(1334.2) 121:2.8 The secret of the survival of Palestine, the kingdom of the Jews, as a semi-independent state was wrapped up in the foreign policy of the Roman government, which desired to maintain control of the Palestinian highway of travel between Syria and Egypt as well as the western terminals of the caravan routes between the Orient and the Occident. Rome did not wish any power to arise in the Levant which might curb her future expansion in these regions. The policy of intrigue which had for its object the pitting of Seleucid Syria and Ptolemaic Egypt against each other necessitated fostering Palestine as a separate and independent state. Roman policy, the degeneration of Egypt, and the progressive weakening of the Seleucids before the rising power of Parthia, explain why it was that for several generations a small and unpowerful group of Jews was able to maintain its independence against both Seleucidae to the north and Ptolemies to the south. This fortuitous liberty and independence of the political rule of surrounding and more powerful peoples the Jews attributed to the fact that they were the “chosen people,” to the direct interposition of Yahweh. Such an attitude of racial superiority made it all the harder for them to endure Roman suzerainty when it finally fell upon their land. But even in that sad hour the Jews refused to learn that their world mission was spiritual, not political.
(1334.3) 121:2.9 The Jews were unusually apprehensive and suspicious during the times of Jesus because they were then ruled by an outsider, Herod the Idumean, who had seized the overlordship of Judea by cleverly ingratiating himself with the Roman rulers. And though Herod professed loyalty to the Hebrew ceremonial observances, he proceeded to build temples for many strange gods.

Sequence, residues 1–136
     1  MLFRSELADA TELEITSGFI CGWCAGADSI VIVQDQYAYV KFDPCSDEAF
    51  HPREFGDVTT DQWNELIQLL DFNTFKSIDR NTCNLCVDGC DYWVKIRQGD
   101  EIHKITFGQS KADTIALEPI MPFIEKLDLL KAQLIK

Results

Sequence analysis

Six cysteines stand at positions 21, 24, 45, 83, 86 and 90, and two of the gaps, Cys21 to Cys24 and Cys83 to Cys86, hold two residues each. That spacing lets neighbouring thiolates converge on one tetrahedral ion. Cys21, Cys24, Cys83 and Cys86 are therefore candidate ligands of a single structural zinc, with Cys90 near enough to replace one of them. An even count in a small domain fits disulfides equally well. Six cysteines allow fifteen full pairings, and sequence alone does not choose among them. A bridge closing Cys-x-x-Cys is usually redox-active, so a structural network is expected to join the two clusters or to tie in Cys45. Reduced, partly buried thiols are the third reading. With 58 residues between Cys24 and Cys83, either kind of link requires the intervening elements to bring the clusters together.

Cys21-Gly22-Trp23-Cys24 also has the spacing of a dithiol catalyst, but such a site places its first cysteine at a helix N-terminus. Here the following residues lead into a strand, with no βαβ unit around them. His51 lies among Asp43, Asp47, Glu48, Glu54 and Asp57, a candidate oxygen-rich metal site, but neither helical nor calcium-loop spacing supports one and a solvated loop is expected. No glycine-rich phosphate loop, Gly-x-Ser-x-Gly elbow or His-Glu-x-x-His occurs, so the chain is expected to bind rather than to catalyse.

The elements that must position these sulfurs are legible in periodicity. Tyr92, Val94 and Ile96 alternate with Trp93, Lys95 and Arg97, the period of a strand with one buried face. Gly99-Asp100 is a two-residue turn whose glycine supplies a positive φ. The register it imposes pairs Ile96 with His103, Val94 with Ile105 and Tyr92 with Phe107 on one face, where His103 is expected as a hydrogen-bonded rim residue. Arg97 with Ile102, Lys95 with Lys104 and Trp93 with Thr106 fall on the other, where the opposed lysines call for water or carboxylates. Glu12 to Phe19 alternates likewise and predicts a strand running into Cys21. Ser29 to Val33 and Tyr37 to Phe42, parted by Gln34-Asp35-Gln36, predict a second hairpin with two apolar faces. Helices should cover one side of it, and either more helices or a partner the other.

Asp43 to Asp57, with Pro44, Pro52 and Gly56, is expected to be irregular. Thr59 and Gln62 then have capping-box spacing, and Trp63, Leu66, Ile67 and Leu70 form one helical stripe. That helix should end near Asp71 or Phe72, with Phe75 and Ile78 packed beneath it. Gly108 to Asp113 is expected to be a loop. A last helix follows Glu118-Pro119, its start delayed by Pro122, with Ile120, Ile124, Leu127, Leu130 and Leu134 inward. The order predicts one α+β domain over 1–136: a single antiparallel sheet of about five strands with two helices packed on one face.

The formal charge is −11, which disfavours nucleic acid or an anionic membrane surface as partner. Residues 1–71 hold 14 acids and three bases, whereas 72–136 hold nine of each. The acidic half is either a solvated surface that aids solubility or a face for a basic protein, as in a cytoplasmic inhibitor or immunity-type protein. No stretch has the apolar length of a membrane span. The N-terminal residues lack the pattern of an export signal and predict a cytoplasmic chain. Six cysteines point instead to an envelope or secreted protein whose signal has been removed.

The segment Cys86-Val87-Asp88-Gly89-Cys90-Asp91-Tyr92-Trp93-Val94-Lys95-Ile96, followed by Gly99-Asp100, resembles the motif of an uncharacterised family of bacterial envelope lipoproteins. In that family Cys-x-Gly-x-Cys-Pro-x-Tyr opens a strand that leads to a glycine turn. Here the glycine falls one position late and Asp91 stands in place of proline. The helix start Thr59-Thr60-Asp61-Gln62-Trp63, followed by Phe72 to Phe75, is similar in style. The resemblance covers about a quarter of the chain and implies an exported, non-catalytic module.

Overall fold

(1334.4) 121:2.10 The friendly relations of Herod with the Roman rulers made the world safe for Jewish travel and thus opened the way for increased Jewish penetration even of distant portions of the Roman Empire and of foreign treaty nations with the new gospel of the kingdom of heaven. Herod’s reign also contributed much toward the further blending of Hebrew and Hellenistic philosophies.
(1334.5) 121:2.11 Herod built the harbor of Caesarea, which further aided in making Palestine the crossroads of the civilized world. He died in 4 B.C., and his son Herod Antipas governed Galilee and Perea during Jesus’ youth and ministry to A.D. 39. Antipas, like his father, was a great builder. He rebuilt many of the cities of Galilee, including the important trade center of Sepphoris.
(1334.6) 121:2.12 The Galileans were not regarded with full favor by the Jerusalem religious leaders and rabbinical teachers. Galilee was more gentile than Jewish when Jesus was born.

From Paper 122

Rome's census and taxation, the delay by Herod, and the birth of Jesus of Nazareth.

(1350.3) 122:7.1 In the month of March, 8 B.C. (the month Joseph and Mary were married), Caesar Augustus decreed that all inhabitants of the Roman Empire should be numbered, that a census should be made which could be used for effecting better taxation. The Jews had always been greatly prejudiced against any attempt to “number the people,” and this, in connection with the serious domestic difficulties of Herod, King of Judea, had conspired to cause the postponement of the taking of this census in the Jewish kingdom for one year. Throughout all the Roman Empire this census was registered in the year 8 B.C., except in the Palestinian kingdom of Herod, where it was taken in 7 B.C., one year later.